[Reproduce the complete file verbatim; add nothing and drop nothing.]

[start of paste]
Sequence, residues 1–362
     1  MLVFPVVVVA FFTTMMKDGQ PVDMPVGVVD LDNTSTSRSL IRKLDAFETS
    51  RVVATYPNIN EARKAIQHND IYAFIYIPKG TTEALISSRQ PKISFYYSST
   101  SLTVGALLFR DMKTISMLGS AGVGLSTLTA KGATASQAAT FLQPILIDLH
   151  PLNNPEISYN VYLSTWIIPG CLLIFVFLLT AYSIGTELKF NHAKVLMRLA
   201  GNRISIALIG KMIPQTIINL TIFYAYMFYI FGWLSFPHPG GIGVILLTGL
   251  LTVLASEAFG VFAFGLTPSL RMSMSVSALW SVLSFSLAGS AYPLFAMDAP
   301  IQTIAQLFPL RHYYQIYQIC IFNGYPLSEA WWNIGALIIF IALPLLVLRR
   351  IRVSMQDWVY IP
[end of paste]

Sequence, residues 1–362
     1  MLVFPVVVVA FFTTMMKDGQ PVDMPVGVVD LDNTSTSRSL IRKLDAFETS
    51  RVVATYPNIN EARKAIQHND IYAFIYIPKG TTEALISSRQ PKISFYYSST
   101  SLTVGALLFR DMKTISMLGS AGVGLSTLTA KGATASQAAT FLQPILIDLH
   151  PLNNPEISYN VYLSTWIIPG CLLIFVFLLT AYSIGTELKF NHAKVLMRLA
   201  GNRISIALIG KMIPQTIINL TIFYAYMFYI FGWLSFPHPG GIGVILLTGL
   251  LTVLASEAFG VFAFGLTPSL RMSMSVSALW SVLSFSLAGS AYPLFAMDAP
   301  IQTIAQLFPL RHYYQIYQIC IFNGYPLSEA WWNIGALIIF IALPLLVLRR
   351  IRVSMQDWVY IP